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INTRODUCING WORLD GEOGRAPHY Geography is the study of the earth's places. When you study geography you will see how places and peoples are alike and how they are different. The word geography comes from two Greek word which mean ‘earth’ and ‘writing’ (or ‘description/study’). Scientists who study geography are called geographers. Geographers have many ways of studying and describing places and peoples. Some of their tools are maps, charts, diagrams, satellite images, and photographs. When you study geography you will learn to use some of a geographer's tools. And you will look at the world from at least three different points of view. You will look at it from space, from the air, and from the ground.

THE VIEW FROM SPACE One way of studying the earth is to look at it from space. Only in recent years have people been able to see the earth from this viewpoint. Some ‘space– eye’ views come from photographs take by astronauts. Another space-eye view of earth comes from Landsat images. These images are not really photographs as we normally know them. An astronaut did not take pictures or bring film back to earth. Instead, these images are made by a technique called remote sensing. Inside a Landsat satellite that circles the earth, a mirror captures light that is reflected from the earth. The pattern of reflected lights and darks forms images. Then a series of Landsat images can be put together to show a very large area. Scientists use remote sensing in many ways. They use it to get a true notion of the earth's land and water forms. They use it to see the effects of different climates on vegetation. They use it to locate natural resources. And they use it to see how one part of the world affects another part.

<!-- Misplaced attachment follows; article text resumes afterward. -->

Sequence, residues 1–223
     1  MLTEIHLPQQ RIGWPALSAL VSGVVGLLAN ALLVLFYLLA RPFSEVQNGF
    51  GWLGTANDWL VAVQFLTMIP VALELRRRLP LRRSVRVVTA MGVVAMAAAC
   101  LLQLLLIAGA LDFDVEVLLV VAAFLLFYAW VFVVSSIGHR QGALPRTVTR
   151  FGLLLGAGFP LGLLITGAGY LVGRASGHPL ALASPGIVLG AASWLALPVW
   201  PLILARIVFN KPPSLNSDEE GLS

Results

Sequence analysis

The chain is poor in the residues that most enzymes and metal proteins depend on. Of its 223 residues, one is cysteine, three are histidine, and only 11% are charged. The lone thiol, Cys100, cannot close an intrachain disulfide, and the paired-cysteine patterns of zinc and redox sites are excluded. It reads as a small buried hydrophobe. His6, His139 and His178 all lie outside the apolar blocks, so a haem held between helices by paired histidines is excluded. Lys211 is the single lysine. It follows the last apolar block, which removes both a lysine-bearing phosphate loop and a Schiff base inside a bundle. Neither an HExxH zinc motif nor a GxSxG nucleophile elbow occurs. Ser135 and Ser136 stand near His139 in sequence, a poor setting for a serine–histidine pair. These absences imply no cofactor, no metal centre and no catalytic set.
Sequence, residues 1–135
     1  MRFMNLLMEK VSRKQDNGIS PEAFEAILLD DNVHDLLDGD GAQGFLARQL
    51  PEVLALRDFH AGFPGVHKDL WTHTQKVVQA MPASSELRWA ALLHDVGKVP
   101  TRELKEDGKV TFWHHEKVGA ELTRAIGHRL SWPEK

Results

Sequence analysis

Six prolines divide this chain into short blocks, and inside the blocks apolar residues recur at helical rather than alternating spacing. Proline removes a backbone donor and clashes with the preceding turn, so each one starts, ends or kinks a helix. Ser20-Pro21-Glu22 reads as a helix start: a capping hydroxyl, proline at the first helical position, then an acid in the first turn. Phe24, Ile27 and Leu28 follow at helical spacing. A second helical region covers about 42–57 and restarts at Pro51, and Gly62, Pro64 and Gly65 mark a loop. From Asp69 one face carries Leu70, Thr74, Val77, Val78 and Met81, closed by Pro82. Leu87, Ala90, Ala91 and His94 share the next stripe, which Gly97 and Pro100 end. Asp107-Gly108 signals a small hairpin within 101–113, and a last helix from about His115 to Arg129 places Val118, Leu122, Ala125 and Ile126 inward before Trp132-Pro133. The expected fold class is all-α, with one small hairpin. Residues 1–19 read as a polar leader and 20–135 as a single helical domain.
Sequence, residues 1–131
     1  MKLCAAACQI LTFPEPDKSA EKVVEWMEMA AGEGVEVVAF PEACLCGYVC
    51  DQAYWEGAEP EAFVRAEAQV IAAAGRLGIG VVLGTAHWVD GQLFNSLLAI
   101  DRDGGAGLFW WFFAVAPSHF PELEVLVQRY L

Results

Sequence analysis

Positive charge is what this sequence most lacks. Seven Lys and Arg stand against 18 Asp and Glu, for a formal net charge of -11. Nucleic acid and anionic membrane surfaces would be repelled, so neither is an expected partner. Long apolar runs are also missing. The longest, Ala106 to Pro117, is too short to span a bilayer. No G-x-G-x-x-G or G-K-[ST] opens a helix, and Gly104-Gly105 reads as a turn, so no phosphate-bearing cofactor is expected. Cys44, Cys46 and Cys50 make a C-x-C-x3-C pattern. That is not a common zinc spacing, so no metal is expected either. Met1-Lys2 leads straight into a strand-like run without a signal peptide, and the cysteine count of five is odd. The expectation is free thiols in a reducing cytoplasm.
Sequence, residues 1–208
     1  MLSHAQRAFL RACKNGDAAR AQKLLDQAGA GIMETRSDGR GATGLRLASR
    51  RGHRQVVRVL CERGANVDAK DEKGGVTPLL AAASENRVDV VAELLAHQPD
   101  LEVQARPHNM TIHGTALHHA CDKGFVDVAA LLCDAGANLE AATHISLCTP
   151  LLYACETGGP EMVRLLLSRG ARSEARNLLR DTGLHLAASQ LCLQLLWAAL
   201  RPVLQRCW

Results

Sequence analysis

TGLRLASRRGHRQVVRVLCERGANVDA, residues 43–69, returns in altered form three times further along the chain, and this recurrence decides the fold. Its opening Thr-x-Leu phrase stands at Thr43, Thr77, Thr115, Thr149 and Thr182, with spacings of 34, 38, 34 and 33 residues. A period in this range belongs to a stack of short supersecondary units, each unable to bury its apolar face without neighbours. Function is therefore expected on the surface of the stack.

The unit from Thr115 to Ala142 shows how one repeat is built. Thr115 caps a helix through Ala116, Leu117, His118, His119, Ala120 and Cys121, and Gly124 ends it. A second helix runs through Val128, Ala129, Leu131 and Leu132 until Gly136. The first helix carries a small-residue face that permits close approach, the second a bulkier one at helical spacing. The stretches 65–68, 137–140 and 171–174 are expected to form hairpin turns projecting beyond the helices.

THE VIEW FROM THE AIR In addition to the physical world, we should also study people to understand the earth properly. We will learn how the environment affects people and how people affect the environment. The process works both ways. A space-eye view does not show much about people. But from an aeroplane you can see how people use the land to get food and shelter. And from the land and its resources they produce other things they need to live. The view from the air also shows how people are distributed across the land. From the air you can see where people have built cities and factories. You see the landforms that make natural boundaries between places. Such boundaries separate people, but they also unite them into countries. And you see the networks, such as highways and railroads, that connect different peoples and places. Aerial photography is one of the tools geographers use to look at the earth from above. You see details in such photographs that you cannot see from space. And from the ground you see such details only one at a time. An aerial view offers an excellent way to study many elements in a small region.




Sooner or later everyone wants a close-up view of the world. Even scientists who use Landsat images test their discoveries. They go to the places shown on the Landsat images to check the facts. There, they gather many different kinds of information. They call their on-the-spot observations getting at ground truth. Getting at ground truth involves both the earth and the people who live on it. The view from space has shown what the earth is like - its lands, climates, environments, and resources. And the view from the air has shown how people use the land, where they live, how cities and countries grow, and how places are connected.